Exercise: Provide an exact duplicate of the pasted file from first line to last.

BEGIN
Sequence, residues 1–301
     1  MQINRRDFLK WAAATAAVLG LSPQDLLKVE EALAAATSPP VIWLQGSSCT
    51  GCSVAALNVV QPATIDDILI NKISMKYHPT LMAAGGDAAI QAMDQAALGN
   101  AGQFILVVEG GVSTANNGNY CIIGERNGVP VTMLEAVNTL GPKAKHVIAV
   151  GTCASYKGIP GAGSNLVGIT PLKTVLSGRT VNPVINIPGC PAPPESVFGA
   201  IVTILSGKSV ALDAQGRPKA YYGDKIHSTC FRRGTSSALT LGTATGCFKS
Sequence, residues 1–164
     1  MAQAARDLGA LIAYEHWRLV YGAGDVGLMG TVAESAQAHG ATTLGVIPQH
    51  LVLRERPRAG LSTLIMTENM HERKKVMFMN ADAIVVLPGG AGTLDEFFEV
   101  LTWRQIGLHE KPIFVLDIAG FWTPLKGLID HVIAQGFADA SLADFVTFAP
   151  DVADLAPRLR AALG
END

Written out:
Sequence, residues 1–301
     1  MQINRRDFLK WAAATAAVLG LSPQDLLKVE EALAAATSPP VIWLQGSSCT
    51  GCSVAALNVV QPATIDDILI NKISMKYHPT LMAAGGDAAI QAMDQAALGN
   101  AGQFILVVEG GVSTANNGNY CIIGERNGVP VTMLEAVNTL GPKAKHVIAV
   151  GTCASYKGIP GAGSNLVGIT PLKTVLSGRT VNPVINIPGC PAPPESVFGA
   201  IVTILSGKSV ALDAQGRPKA YYGDKIHSTC FRRGTSSALT LGTATGCFKS
Sequence, residues 1–164
     1  MAQAARDLGA LIAYEHWRLV YGAGDVGLMG TVAESAQAHG ATTLGVIPQH
    51  LVLRERPRAG LSTLIMTENM HERKKVMFMN ADAIVVLPGG AGTLDEFFEV
   101  LTWRQIGLHE KPIFVLDIAG FWTPLKGLID HVIAQGFADA SLADFVTFAP
   151  DVADLAPRLR AALG